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Teenage Vaping – Actively Addressing Issues

Teen Vaping - Orange County Schools Addressing Issues

Orange County school, medical, and community leadership collaborate on solutions 


Teenage vaping – using electronic devices that heat a liquid to produce a lung-filling aerosol or vapor – continues to be a serious challenge in area schools, especially when the vapor contains high levels of addictive nicotine or other substances. But according to Brandy Terrell, DSW, LCSW, Orange County public schools are rising to fashion new solutions in concert with health and behavioral professionals.

“There exist recognized detrimental medical aspects of vaping on a developing brain which may impact functioning and long-term health,” said Dr. Terrell. “There can be harmful exposure to excessive nicotine, heavy metals, and other medically damaging elements.” According to the CDC, millions of American teenagers indulge in harmful vaping each month.

“The majority of schools have zero tolerance policies when it comes to vaping on school grounds,” she continued. “Students violating that policy typically were suspended and received either an in-school or out-of-school suspension.”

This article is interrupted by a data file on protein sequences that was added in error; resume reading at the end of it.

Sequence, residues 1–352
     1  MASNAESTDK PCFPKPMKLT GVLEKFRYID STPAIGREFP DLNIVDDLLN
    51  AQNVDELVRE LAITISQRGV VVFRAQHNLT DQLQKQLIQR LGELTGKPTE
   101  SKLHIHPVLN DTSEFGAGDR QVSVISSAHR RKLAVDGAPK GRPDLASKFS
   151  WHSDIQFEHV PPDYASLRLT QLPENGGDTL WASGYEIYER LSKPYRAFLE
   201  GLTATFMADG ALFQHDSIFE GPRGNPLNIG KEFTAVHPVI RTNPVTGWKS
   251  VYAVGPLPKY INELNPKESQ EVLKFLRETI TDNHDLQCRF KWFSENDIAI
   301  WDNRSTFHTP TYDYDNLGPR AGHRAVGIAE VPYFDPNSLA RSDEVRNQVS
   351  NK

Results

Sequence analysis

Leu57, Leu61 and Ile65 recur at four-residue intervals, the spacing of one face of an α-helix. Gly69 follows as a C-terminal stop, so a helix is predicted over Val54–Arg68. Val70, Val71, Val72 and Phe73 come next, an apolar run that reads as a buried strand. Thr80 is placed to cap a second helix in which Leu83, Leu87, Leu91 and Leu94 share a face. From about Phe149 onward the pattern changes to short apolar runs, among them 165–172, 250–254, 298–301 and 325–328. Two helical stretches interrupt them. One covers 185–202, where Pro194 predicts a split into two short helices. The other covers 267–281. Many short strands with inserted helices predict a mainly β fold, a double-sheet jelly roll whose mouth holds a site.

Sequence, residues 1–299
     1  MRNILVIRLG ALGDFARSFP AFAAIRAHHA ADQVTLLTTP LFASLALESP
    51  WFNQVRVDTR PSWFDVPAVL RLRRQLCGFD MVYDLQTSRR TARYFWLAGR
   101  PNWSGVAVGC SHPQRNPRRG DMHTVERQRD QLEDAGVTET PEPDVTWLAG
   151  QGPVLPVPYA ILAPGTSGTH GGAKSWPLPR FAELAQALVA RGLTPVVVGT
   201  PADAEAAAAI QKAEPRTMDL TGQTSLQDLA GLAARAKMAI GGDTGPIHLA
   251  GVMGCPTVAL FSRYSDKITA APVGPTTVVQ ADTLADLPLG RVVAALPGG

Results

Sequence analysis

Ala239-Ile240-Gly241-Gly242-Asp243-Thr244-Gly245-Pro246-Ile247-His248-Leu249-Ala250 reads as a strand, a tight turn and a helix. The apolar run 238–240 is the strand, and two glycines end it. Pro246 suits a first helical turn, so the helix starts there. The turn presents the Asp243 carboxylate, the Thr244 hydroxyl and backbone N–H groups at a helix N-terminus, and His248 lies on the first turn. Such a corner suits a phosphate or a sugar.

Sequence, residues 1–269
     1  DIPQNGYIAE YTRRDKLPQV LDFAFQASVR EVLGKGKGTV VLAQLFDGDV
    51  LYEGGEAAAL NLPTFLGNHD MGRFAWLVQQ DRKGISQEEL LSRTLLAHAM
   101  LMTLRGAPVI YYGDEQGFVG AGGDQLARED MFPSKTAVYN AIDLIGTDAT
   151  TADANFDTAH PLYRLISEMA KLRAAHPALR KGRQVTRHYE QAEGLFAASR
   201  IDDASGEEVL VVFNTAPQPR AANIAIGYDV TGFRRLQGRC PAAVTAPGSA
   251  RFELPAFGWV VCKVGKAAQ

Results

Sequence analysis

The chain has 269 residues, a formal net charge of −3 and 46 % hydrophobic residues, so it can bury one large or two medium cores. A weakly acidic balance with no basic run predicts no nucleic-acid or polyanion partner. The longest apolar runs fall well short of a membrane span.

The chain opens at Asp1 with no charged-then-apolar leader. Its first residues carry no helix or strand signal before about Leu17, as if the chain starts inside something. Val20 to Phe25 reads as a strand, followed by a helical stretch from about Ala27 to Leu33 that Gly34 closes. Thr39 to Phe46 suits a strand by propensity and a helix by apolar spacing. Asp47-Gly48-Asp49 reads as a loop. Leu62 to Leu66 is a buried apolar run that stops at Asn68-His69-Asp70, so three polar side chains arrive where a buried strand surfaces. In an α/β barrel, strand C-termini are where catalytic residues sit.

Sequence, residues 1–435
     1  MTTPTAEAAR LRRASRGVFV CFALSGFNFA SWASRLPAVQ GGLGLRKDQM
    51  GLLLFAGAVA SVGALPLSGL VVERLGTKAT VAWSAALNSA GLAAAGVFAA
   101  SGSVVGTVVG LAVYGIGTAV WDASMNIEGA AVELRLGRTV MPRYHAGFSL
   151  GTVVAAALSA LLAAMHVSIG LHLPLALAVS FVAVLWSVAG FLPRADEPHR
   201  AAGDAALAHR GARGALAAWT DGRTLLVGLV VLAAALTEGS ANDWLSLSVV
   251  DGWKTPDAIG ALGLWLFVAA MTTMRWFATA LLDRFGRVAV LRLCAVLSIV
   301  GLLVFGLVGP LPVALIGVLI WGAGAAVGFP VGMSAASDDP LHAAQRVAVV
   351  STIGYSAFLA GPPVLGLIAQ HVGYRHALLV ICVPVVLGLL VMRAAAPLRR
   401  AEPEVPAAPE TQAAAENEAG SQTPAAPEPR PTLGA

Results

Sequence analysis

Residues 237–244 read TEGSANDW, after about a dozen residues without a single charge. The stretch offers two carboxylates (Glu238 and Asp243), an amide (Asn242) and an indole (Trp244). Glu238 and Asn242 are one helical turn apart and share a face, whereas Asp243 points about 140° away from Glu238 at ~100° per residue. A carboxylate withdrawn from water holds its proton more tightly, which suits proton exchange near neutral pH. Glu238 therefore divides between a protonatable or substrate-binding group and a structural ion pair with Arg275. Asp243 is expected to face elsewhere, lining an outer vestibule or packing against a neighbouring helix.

When kids are suspended and sent home, a new set of issues can be inadvertently created. A suspended teenager can potentially continue to vape unsupervised at home while falling behind in coursework. “That scenario serves no one, least of all the student and the student’s family,” said Dr. Terrell.

In a collaborative effort “where entire county school systems are in agreement,” a new initiative to educate teenagers and parents about the dangers of vaping and how to quit is underway, she related. The initiative is anchored in the SICHC clinic and includes collaboration with IU Health Bloomington School Health Liaison Program and the Orange County Tobacco Prevention and Cessation Program.

New formal school policies that result in an education-focused in-school suspension for vaping are in process. “Every school has a little different take on how this will be administered, but they chart out a new path,” Dr. Terrell explained. In the future (pending final school policy review), children found vaping on school grounds will have many more disciplinary options that incorporate full scope education and the need to set school boundaries. This may include an in-school suspension that includes focused education about the dangers of vaping.

Repeat offenders may be subjected to a medical evaluation to screen for underlying issues potentially related to vaping, including substance use disorder. This potential option works to see the vaping issue from a holistic lens.

New solutions will complement disciplinary policies and actions but will now include elements of prevention.

Orange County superintendents and principals all agreed that the prior vaping policies needed to be reviewed and updated to include an education element. “In my experience it’s unique that an entire countywide school system can recognize this important issue and take positive action,” Dr. Terrell concluded.

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